Study: Sandy caused severe erosion on Fire Island

Superstorm Sandy

Study: Sandy caused severe erosion on Fire Island

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A) Leveled beaches, dunes ; B) damaged homes in Davis Park; C) leveled dunes, overwash sheets by the lighthouse; D) breach at Old Inlet. (Photos via USGS) A) Leveled beaches, dunes ; B) damaged homes in Davis Park; C) leveled dunes, overwash sheets by the lighthouse; D) breach at Old Inlet. (Photos via USGS)

A new U.S. Geological Survey study shows more than half of Fire Island's beaches and sand dunes were lost during Superstorm Sandy.

In a study released Tuesday, the agency said the beaches and dunes lost 54.4 percent of their pre-storm volume, and the dunes were washed over along 46.6 percent of the island. One geologist said the loss of shoreline has changed the island's shape.

"The beaches and dunes of the island were severely eroded during Sandy," said Cheryl Hapke, a USGS research geologist and lead author of the study. "The island was breached in three locations, and there was widespread damage and destruction of coastal infrastructure, including private residences."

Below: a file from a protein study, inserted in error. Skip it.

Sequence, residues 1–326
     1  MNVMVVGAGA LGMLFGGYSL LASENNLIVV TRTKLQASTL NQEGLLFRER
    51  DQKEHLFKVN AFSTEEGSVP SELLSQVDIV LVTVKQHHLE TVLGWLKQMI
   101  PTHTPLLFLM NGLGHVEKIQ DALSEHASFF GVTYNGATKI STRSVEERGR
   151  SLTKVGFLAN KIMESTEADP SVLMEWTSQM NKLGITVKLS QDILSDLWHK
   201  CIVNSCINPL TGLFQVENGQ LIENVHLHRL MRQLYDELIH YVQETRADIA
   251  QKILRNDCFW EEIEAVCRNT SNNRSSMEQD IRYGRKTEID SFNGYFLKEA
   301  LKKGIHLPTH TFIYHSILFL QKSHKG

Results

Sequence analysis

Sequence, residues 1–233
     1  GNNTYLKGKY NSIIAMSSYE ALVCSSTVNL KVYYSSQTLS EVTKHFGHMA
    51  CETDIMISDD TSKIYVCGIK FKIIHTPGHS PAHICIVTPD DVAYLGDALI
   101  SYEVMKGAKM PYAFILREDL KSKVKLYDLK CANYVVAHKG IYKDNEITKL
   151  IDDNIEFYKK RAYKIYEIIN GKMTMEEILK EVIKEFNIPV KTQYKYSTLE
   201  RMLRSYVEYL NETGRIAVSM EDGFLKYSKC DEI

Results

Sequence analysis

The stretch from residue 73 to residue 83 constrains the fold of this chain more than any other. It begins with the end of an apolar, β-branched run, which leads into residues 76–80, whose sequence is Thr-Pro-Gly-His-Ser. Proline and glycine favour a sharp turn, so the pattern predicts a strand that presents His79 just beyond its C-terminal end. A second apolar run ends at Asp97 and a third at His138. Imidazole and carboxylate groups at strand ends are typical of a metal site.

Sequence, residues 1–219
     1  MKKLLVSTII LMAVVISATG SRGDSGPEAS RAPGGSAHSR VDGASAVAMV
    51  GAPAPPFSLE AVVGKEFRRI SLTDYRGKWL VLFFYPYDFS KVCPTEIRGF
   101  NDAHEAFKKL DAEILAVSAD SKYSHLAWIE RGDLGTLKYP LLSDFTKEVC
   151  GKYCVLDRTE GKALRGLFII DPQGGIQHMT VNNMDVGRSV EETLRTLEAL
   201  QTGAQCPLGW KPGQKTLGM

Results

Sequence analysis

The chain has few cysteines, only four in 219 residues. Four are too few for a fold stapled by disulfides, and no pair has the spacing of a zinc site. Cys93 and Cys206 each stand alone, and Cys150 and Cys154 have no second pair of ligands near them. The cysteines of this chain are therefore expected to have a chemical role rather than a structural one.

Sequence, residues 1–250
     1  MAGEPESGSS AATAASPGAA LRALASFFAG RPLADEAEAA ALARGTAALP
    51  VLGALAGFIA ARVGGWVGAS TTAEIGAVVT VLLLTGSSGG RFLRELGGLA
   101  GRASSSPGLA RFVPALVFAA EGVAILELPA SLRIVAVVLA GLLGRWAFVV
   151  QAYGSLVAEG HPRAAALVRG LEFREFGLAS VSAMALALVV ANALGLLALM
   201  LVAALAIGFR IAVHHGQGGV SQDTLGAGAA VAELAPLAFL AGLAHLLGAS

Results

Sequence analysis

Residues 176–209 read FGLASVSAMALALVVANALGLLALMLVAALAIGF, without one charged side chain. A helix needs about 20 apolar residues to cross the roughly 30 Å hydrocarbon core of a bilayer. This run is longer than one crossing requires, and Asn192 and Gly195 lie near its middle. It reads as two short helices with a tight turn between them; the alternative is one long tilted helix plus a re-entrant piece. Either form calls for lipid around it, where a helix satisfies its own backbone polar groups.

The storm slammed the island very hard, leaving it much more vulnerable to winter storms.

The majority of the island is part of Fire Island National Seashore, managed by the National Park Service. The western end is part of Robert Moses State Park, while the eastern end is a county park.

Besides the barrier island's recreational and economic importance, it is a vital first line of defense for the south shore of Long Island as well as a sanctuary to numerous species of wildlife.

Most of the lost sand was carried offshore by waves and storm surge, USGS said.

"Overall, Hurricane Sandy profoundly impacted the morphology of Fire Island and resulted in an extremely low elevation, low relief configuration that has left the barrier island vulnerable to future storms," the report's abstract reads. "The coastal system subsequently began to show signs of recovery, and although the beach is likely to experience continued recovery in the form of volume gains, the dunes will take years to rebuild."

The Associated Press/WNYW

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